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The waiting game

High price to pay for added years pension benefits

Simon Dickerson director of Medical & Financial provides explains the new additional pension scheme and the main differences it has to the added years scheme it has replaced.

Simon Dickerson director of Medical & Financial provides explains the new additional pension scheme and the main differences it has to the added years scheme it has replaced.

Most GPs who have worked in the NHS will be aware of the added years scheme. The removal of this scheme led to concern for many members and a rush to apply for added year's benefits prior to the 31st March deadline.

Details of the replacement, the "additional pension" scheme, are now available. Doctors who applied for added years but are yet to start them now have a decision to make. Whether to continue with the purchase of added years, or consider the additional pension scheme.

The additional pension scheme offers considerably more choice and flexibility than the added years scheme. Benefits are purchased in tranche's of £250 up to a maximum additional pension of £5000 per annum. These benefits are index linked each year. There is no automatic tax-free lump sum however this can be taken by commuting part of the pension.

Under the old added years scheme "notional" extra years service were purchased in exchange for an additional fixed percentage of NHS earnings. This could lead to considerable uncertainty. The "notional" years purchased were an average of lifetime NHS earnings. Any change in working life or considerable change in NHS remuneration could have a significant erosive impact upon the benefits purchased. The additional pension scheme removes these concerns.

The benefits purchased are known from outset. The cost of purchasing is fixed for the first four years. After this they are subject to a regular review where costs may be increased. It is possible to purchase benefits in one of two ways - either through a lump sum payment or via a monthly payment plan.

If payments are made monthly you can choose to pay over any period up to 20 years although payments must cease by normal retirement

It is significantly cheaper to purchase benefits via lump sum. As an example, a 45 year old male doctor, purchasing £1,000 a year in extra pension would pay a total of £19,872 if he chose to pay over the 15 years until retirement. If those same benefits were purchased as a lump sum the cost would be £12,880.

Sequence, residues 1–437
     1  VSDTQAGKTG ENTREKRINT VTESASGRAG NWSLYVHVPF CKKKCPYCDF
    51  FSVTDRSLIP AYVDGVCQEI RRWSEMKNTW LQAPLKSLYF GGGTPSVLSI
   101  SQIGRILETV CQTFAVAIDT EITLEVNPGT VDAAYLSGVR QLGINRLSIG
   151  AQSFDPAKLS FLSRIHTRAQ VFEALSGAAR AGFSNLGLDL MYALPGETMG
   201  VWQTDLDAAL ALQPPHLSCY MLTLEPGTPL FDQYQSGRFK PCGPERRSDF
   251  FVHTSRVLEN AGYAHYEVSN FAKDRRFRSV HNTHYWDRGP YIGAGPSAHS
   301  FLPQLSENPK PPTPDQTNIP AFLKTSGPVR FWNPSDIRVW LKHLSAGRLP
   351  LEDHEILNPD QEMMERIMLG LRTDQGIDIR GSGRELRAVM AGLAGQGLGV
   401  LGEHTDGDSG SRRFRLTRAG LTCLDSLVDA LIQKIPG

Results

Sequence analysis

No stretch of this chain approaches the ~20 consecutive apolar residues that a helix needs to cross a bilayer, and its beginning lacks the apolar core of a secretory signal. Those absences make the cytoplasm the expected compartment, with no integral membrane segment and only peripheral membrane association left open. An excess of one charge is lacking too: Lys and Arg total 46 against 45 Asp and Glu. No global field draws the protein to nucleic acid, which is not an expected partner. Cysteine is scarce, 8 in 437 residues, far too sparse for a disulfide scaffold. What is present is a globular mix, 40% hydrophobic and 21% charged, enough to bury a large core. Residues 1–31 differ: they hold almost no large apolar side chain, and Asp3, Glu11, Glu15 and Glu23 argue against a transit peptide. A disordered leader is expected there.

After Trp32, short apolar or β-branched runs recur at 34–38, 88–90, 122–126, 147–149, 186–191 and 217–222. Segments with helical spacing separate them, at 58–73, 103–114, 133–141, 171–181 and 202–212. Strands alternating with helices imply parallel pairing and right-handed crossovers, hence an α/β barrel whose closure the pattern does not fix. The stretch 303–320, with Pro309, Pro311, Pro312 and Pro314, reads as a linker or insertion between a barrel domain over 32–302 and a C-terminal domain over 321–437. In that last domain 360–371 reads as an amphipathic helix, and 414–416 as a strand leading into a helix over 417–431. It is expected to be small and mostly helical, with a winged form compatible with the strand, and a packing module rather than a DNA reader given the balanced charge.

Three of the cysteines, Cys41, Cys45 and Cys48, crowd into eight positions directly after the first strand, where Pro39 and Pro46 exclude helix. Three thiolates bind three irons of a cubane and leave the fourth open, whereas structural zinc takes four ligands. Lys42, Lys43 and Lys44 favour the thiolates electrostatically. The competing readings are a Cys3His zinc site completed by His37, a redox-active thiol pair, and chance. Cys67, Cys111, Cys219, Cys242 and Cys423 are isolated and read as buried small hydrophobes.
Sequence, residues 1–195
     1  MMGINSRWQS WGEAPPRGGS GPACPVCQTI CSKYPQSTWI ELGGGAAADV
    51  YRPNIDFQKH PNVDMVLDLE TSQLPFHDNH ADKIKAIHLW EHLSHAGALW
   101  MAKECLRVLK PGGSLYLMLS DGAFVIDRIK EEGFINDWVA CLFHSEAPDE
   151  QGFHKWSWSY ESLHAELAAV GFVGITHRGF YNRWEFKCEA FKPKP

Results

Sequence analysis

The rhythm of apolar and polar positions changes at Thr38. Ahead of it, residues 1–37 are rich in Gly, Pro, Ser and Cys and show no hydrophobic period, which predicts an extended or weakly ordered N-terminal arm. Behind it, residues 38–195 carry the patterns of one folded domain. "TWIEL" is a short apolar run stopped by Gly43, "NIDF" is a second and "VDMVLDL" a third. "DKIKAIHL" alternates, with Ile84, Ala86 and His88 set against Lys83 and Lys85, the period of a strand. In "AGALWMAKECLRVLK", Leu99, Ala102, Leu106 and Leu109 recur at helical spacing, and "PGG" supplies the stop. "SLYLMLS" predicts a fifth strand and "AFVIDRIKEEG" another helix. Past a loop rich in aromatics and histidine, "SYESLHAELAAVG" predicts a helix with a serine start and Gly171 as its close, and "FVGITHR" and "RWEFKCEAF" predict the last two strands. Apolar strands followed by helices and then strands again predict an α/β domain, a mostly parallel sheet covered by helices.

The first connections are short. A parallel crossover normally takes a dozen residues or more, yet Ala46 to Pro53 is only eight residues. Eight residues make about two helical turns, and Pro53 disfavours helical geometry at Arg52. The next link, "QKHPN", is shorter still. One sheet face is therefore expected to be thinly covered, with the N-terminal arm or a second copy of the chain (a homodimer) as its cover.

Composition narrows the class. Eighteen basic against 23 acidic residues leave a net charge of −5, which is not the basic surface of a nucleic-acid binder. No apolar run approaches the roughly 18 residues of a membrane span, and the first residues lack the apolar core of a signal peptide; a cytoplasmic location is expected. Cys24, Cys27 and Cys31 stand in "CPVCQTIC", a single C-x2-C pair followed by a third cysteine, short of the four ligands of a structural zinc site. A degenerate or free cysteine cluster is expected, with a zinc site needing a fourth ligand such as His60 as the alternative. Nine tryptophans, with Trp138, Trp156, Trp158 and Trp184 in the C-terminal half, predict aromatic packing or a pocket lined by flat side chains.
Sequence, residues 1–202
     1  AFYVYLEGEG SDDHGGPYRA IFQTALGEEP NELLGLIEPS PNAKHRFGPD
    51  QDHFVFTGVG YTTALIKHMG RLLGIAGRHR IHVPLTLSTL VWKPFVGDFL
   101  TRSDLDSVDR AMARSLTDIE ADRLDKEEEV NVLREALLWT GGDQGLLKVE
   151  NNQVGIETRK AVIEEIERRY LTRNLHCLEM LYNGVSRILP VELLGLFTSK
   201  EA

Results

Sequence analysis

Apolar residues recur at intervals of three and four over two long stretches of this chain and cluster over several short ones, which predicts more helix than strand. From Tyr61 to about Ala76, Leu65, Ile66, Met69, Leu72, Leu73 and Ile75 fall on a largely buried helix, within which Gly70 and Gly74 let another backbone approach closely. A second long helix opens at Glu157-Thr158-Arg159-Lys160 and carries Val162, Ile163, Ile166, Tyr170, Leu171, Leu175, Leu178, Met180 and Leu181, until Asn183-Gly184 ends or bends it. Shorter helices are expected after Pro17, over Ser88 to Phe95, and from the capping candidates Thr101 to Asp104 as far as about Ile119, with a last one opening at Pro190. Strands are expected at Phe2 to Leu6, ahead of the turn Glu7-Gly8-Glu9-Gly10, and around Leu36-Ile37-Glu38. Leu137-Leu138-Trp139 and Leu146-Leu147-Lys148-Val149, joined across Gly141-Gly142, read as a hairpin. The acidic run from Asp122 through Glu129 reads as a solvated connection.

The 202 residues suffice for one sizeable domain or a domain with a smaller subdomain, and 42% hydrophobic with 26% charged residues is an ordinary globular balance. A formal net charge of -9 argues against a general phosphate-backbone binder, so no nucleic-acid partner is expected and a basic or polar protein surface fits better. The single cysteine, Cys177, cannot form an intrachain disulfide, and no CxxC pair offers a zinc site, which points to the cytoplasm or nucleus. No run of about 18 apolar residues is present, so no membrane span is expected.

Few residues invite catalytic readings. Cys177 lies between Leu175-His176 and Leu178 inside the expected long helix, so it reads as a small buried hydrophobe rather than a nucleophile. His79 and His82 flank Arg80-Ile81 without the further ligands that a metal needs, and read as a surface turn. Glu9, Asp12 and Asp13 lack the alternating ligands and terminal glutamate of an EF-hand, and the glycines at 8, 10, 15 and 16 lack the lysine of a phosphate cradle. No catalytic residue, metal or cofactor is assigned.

Unlike added years, the additional scheme has the option of not buying periphery benefits that would not get used, for example a pension can be purchased without spouse's benefits if these are not appropriate. The new scheme also differentiates between men and women, although this does make benefits more expensive for female applicants.

It isn't all good news however. As predicted the cost of the new scheme is significantly greater. A 40-year-old male will pay in the region of 6% more for same benefits under the new scheme, a 50-year-old male closer to 14% more. The cost for female doctors is greater still.

Spouse and dependant benefits are also reduced. Added years provided spouse and dependants pension of up to 100% of members pensions, but the new scheme has an additional charge to add benefits on. These benefits range from 37.5 to 75% of member benefits.

So, to summarise, the additional pension scheme is significantly more flexible than its predecessor. But there is a price to pay, literally, for that.

For many the old added years scheme was expensive. The new scheme is more expensive still. However, in times of investment uncertainty the guarantees it provides will be attractive to many.

Simon Dickerson of Pulse Financial Consultants. Added years pension offers many extra benefits, but they come at a price Simon Dickerson of Pulse Financial Consultants How to contact Medical & Financial

Medical & Financial can be contacted by email at

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